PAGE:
As a student starting university, future-proofing your finances probably won’t be top on your list of priorities.
You likely already have a weekly or monthly budget planned that you stick to, cook your meals and avoid spending money on vices like coffee, booze and cigarettes to stretch your cash.
But when it comes to avoiding financial mistakes, there’s more than meets the eye than merely living frugally and avoid racking up credit card debt.
Here are five things you should know as a student that can save yourself some long-term financial pain post-graduation.
Misusing your student loan money
Many students can share anecdotal references about friends who have misused their student loan or used the excess payment for non-educational purposes, like putting a down payment for a car to shopping for new clothes.
In the short-term, spending your loan money on something else apart from your tertiary education may not seem like a big deal. Others have done it, you tell yourself as you make a mental note to take up a part-time job to earn some cash on the side.
But then the semesters zip by and the little you earn, you spend on gas for those long road trips with friends. Before you know it, you’re graduating and up to your ears in debt.
That excess money should have been put to better use such as repaying your loan and avoiding accrued interest. Spending money to live beyond your means may mean spending a longer time in debt post-graduation.
Studying at a university you can’t afford
You may have had your eyes on a particular university that is renowned and expensive, but if you’ve exhausted all measures to obtain scholarships to finance your way through this particular school, you may want to consider other affordable options that won’t leave you struggling to pay your student loan debt post-retirement.
We get it – in some instances, there may be peer pressure to study abroad or to pick a private institution over a public one “like everyone else” to further your education. However, everyone’s financial capabilities are different, so it’s important to factor in what you can afford.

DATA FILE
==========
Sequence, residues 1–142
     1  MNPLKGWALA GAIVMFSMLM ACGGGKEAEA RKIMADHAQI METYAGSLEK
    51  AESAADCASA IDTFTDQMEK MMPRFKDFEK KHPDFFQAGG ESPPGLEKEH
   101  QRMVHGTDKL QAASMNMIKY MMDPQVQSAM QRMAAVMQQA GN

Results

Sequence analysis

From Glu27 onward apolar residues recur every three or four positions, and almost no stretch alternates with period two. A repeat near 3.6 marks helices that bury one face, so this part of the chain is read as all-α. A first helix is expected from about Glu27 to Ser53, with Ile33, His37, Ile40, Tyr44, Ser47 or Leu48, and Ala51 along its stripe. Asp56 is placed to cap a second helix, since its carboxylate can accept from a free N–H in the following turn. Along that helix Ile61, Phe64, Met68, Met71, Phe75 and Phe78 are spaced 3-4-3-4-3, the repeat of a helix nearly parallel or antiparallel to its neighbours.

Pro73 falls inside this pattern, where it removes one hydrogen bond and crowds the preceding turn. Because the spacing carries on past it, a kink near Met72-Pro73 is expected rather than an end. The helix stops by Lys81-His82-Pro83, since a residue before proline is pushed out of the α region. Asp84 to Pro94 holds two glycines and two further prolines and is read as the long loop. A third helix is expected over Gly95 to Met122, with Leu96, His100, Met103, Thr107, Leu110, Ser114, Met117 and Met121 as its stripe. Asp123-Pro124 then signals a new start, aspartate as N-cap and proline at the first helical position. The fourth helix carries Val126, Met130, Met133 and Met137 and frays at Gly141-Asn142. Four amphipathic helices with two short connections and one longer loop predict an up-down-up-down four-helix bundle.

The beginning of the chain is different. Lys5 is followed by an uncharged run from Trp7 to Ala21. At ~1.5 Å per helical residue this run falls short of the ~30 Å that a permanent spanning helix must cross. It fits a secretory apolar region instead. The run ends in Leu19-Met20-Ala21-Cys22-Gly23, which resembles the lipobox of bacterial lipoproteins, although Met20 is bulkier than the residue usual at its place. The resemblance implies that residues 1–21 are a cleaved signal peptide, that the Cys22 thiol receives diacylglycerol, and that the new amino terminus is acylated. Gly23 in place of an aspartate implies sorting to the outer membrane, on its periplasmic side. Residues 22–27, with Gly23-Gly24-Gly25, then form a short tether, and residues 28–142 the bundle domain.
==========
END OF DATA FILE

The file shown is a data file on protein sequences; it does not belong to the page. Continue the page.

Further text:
The difference of paying a student debt of US$30,000 versus US$80,000 makes a significant impact on your lifestyle upon graduation, both in terms of how much you pay per month and for how long. It’s worth noting that there are public institutions that are on-par with private ones, so weigh your options and don’t be too quick to dismiss the value of studying at an affordable institution.
Failing to take scholarship hunting seriously
Think you’re not smart or talented enough to get a scholarship?
Don’t give up before you’ve even started – with so many needs-based and merit-based scholarships and financial aids offered by the government, universities, non-profit or professional organisations, you should allocate ample of time to go through them and apply for those you qualify for.
There are academic, sports, special talent (e.g. musicians, athletes, etc.) and needs-based scholarships, so you might find one that suits you. Even partial scholarships or aids are worth trying as they can take some financial load off your shoulders upon graduation.
Taking longer to graduate
Completing your degree may take three to four years, depending on your programme. However, by switching majors, failing classes and having to repeat them can add to the duration of your studies, which also means going deeper into debt or draining your savings.
So do whatever it takes to graduate on time – whether it means being more disciplined and conscientious in university to ensure you study and pass your exams and assignments to not working too many hours in your part-time job that you jeopardise your grades.
Not getting a part-time job
Getting a part-time job while in university is not only a great way to help you earn some money to build your savings or reduce your dependency on your loan as you study, but it can also help you build your career simultaneously.
You’ll gain valuable soft skills, such as communication and time management skills (when balancing your work-study life), while doing internships in your field of choice gives you professional working experience, in addition to acting as a platform that enables you to network with people who are already in your field of choice, which may help improve your future employability.